Automakers reimagine the dashboard at 2019's Frankfurt Motor Show

From large to small to none at all, we've rounded up the most interesting cockpits and dashboard displays of the 2019 Frankfurt Motor Show.

Antuan Goodwin Reviews Editor / Cars
Antuan Goodwin gained his automotive knowledge the old fashioned way, by turning wrenches in a driveway and picking up speeding tickets. From drivetrain tech and electrification to car audio installs and cabin tech, if it's on wheels, Antuan is knowledgeable.
Expertise Reviewing cars and car technology since 2008 focusing on electrification, driver assistance and infotainment Credentials
  • North American Car, Truck and SUV of the Year (NACTOY) Awards Juror
Antuan Goodwin
2 min read

Byton's production-bound M-Byte is the new king of the big ol' displays.


As veterans of the auto show circuit, Roadshow's staff has seen its fair share of wacky concept car interiors with inconceivably massive displays. As a rule of thumb, most of what you see will never see production. At least, that was the rule. 

At the 2019 Frankfurt Motor Show, the inconceivable has become reality with a number of honest-to-God production vehicles debuting with large and complex dashboard setups. Meanwhile, the concept screens are shrinking or being rethought in very interesting ways. The dashboard, it seems, is evolving.

The obvious poster child of the big-ass screen is the Byton M-Byte with its massive, gesture-controlled 48-inch display and the two smaller, 8-inch "driver tablets " that control it. And Byton isn't alone. Honda's cute E electric hatchback features a total of five displays that stretch from pillar to pillar across its entire dashboard. Porsche's Taycan has an optional passenger display that allows touchscreen control for someone riding shotgun.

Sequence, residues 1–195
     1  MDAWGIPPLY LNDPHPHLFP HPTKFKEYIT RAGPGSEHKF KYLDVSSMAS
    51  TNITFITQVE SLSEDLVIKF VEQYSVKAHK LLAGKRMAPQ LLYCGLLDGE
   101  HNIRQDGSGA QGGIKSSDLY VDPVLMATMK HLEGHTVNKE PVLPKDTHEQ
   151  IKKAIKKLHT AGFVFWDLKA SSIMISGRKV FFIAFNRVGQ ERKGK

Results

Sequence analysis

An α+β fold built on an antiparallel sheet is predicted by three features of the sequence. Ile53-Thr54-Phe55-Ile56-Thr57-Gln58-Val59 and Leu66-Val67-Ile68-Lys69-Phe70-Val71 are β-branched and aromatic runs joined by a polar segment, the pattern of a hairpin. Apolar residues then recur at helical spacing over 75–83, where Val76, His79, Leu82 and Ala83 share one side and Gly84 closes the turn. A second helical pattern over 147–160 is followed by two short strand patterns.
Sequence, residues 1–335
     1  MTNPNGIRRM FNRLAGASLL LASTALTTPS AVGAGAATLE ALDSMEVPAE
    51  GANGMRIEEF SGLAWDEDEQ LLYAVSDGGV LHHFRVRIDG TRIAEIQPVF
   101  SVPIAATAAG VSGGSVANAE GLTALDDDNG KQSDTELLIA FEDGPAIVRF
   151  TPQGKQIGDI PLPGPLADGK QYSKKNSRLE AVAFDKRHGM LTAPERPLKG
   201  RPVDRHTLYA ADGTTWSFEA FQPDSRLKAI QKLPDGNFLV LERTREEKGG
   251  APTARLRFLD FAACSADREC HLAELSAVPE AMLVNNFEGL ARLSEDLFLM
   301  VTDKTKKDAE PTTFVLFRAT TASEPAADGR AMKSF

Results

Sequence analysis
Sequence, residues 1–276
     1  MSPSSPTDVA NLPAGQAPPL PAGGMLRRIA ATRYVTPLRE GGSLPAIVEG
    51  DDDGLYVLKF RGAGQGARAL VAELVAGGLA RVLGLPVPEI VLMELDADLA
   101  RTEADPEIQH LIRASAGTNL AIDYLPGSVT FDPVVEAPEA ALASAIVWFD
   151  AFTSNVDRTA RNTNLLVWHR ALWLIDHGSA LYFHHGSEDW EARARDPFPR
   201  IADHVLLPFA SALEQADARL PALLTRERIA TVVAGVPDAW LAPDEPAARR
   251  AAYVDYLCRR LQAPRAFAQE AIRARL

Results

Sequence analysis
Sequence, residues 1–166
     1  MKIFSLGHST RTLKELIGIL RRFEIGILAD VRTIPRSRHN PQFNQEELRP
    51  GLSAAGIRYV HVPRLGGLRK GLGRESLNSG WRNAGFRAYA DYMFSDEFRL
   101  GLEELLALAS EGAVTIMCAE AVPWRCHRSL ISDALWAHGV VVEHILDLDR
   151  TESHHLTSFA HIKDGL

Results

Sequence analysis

Watch this: The dashboard is evolving at the 2019 Frankfurt Motor Show

On the concept side, Mercedes-Benz's Vision EQS's dashboard seems tame by comparison, with its reasonably sized center display -- until you realize that the automaker has added additional secondary displays on the doors. Meanwhile, Audi's AI:Trail barely has a display to speak of. Instead, the concept expects drivers' docked mobile phone to serve as the dashboard, while the airy, open cockpit allows drivers to enjoy nature.

While the Audi's screenless cabin is refreshing, we'll likely see more displays in the cars of the future and more innovations in the kinds of screens used. We took a look at Bosch's new 3D automotive display technology, which is able to display three-dimensional imagery without the need for eye-tracking cameras or special glasses. The eye-popping graphics could be used to enhance functions like augmented reality navigation or to draw the driver's eye to important warnings. Plus, it looks amazingly sharp, even when viewed off-axis.

With pie-in-the-sky concepts and saleable production cars alike, automakers are rethinking and redefining the dashboard and the screens that fill it. Give the video above a watch to see the aforementioned dashboard displays in action, and check out the rest of Roadshow's coverage of the 2019 Frankfurt Motor Show for even more concepts and debuts.